CLEARING MALFUNCTIONS

When grasping the slide to clear a malfunction (such as…

When grasping the slide to clear a malfunction (such as this “stovepipe”), make sure to not use the weak fingers of the hand, which will provide reduced leverage.

To me, anything in the chamber of a pistol that does not send rounds downrange is garbage, and it must be taken out. The act of clearing a stoppage is a fundamental skill of combative pistolcraft and fundamentals end fights…it’s as simple as that.

I believe in “physiological efficiency,” which is using the body the way it performs best. Having researched motion studies extensively, I’ve attempted to apply their findings to the shooting techniques I teach. While competition is worthwhile, it’s not my primary focus. All manipulations become more complex in a gunfight, so it’s important to find the easiest way to accomplish needed tasks. The bottom line is, I believe the most common method of clearing malfunctions isn’t necessarily best. What I am about to say will irritate some…so be it.

combat-handguns-stovepipe
The traditional means of grasping the slide looks a bit like a saddle being placed on a horse’s back.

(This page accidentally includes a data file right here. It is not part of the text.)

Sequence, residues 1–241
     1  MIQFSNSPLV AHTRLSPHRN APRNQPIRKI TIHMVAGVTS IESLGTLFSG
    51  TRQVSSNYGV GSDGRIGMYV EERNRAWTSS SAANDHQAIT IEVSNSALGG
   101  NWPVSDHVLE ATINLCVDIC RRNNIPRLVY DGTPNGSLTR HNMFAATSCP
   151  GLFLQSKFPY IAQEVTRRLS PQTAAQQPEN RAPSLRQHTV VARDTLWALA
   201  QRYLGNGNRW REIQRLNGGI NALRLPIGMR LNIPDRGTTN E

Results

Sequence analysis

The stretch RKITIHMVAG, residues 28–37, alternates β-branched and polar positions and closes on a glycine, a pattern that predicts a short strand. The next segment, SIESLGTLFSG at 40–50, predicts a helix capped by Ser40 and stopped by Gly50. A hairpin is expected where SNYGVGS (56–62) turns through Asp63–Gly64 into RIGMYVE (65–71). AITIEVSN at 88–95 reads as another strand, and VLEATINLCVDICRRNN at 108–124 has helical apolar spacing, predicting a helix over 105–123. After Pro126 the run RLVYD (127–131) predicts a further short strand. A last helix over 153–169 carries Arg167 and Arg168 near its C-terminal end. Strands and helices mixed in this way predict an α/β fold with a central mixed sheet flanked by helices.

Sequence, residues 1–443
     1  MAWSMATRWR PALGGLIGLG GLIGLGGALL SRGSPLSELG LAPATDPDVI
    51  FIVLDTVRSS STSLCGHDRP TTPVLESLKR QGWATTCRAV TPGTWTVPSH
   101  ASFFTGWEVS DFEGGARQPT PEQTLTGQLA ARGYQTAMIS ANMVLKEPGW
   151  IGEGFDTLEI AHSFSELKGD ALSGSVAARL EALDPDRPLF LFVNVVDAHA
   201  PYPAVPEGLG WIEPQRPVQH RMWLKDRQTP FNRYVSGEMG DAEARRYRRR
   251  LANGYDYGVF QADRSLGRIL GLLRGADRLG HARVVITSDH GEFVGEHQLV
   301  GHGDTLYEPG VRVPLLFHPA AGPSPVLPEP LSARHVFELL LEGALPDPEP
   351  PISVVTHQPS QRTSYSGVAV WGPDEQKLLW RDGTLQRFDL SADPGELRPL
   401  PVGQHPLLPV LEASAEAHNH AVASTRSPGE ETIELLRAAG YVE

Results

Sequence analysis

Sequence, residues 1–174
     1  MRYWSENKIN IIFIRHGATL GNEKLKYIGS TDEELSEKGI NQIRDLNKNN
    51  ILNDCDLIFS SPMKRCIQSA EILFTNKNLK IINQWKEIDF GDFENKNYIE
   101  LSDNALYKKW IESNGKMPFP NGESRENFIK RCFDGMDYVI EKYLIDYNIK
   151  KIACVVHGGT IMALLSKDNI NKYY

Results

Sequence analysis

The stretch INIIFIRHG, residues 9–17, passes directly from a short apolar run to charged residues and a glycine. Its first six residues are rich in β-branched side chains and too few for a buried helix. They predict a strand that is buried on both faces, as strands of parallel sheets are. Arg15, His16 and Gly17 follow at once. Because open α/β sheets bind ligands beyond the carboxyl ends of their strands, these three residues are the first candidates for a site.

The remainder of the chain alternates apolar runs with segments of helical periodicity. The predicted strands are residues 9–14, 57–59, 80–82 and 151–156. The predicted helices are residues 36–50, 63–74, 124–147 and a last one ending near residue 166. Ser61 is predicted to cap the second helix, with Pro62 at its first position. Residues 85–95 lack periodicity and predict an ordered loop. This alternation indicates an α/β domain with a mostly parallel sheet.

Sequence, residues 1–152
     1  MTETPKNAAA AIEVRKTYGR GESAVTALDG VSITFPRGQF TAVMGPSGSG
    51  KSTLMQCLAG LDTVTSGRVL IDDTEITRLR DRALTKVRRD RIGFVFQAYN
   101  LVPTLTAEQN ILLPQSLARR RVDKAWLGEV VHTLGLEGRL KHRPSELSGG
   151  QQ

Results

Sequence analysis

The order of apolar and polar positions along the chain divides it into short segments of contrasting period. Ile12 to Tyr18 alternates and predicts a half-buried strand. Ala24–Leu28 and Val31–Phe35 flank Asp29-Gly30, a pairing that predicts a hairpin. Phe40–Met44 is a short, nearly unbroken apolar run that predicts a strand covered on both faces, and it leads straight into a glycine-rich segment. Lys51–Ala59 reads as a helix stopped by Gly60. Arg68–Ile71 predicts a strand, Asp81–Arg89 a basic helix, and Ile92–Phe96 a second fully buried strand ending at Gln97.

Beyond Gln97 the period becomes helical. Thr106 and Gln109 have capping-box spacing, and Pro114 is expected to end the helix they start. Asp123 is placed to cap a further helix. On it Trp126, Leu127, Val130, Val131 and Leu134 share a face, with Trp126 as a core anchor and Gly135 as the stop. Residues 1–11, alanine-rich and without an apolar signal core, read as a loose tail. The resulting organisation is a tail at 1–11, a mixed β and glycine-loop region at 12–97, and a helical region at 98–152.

Simplicity in Motion
I have found that all pistol malfunctions, except the in-line failure to extract (double-feed), can be cleared via one technique. I call it “tap, rack, target”…tap the bottom of the magazine to make sure it’s seated, rack the slide to clear the “garbage” from the chamber and point the gun back at the target while assessing the threat. This may sound routine, but the difference is in how I manipulate the slide. For years, I used what I call a saddle grip to work the slide, which is the most common technique. Here the support hand travels up and over the slide with the palm down and fingers bent looking, like a saddle being placed on a horse. Over the years, I’ve seen a sizeable number of shooters actually induce a worse malfunction (without knowing it) by using the saddle grip convincing me it is not the most efficient or ergonomic method to aggressively work the slide. While attempting to get all fingers on the slide (for increased gripping strength), shooters often cover the ejection port and block the “garbage” from ejecting, which results in a worse problem. When the shooter tries to compensate by sliding the hand away from the ejection port they end up gripping the slide with the middle, ring and pinky fingers.

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